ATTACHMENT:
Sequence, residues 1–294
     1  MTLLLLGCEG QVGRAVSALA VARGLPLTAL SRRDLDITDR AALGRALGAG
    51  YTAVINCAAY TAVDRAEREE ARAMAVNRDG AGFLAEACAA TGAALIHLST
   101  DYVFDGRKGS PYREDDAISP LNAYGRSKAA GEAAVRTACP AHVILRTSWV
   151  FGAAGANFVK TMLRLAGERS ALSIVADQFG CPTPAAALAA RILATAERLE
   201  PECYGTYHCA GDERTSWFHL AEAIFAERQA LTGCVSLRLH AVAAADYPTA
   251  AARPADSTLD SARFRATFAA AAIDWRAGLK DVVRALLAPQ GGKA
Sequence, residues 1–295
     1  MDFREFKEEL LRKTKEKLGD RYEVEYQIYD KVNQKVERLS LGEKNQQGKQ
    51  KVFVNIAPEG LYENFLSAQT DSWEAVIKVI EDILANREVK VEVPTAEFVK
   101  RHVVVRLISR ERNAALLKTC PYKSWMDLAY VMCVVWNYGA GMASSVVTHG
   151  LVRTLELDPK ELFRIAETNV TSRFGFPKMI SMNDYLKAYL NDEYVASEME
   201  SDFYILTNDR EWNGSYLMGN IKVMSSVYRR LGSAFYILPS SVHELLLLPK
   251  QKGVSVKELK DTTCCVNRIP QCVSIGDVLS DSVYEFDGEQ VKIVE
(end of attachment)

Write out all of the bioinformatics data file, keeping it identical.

Sequence, residues 1–294
     1  MTLLLLGCEG QVGRAVSALA VARGLPLTAL SRRDLDITDR AALGRALGAG
    51  YTAVINCAAY TAVDRAEREE ARAMAVNRDG AGFLAEACAA TGAALIHLST
   101  DYVFDGRKGS PYREDDAISP LNAYGRSKAA GEAAVRTACP AHVILRTSWV
   151  FGAAGANFVK TMLRLAGERS ALSIVADQFG CPTPAAALAA RILATAERLE
   201  PECYGTYHCA GDERTSWFHL AEAIFAERQA LTGCVSLRLH AVAAADYPTA
   251  AARPADSTLD SARFRATFAA AAIDWRAGLK DVVRALLAPQ GGKA
Sequence, residues 1–295
     1  MDFREFKEEL LRKTKEKLGD RYEVEYQIYD KVNQKVERLS LGEKNQQGKQ
    51  KVFVNIAPEG LYENFLSAQT DSWEAVIKVI EDILANREVK VEVPTAEFVK
   101  RHVVVRLISR ERNAALLKTC PYKSWMDLAY VMCVVWNYGA GMASSVVTHG
   151  LVRTLELDPK ELFRIAETNV TSRFGFPKMI SMNDYLKAYL NDEYVASEME
   201  SDFYILTNDR EWNGSYLMGN IKVMSSVYRR LGSAFYILPS SVHELLLLPK
   251  QKGVSVKELK DTTCCVNRIP QCVSIGDVLS DSVYEFDGEQ VKIVE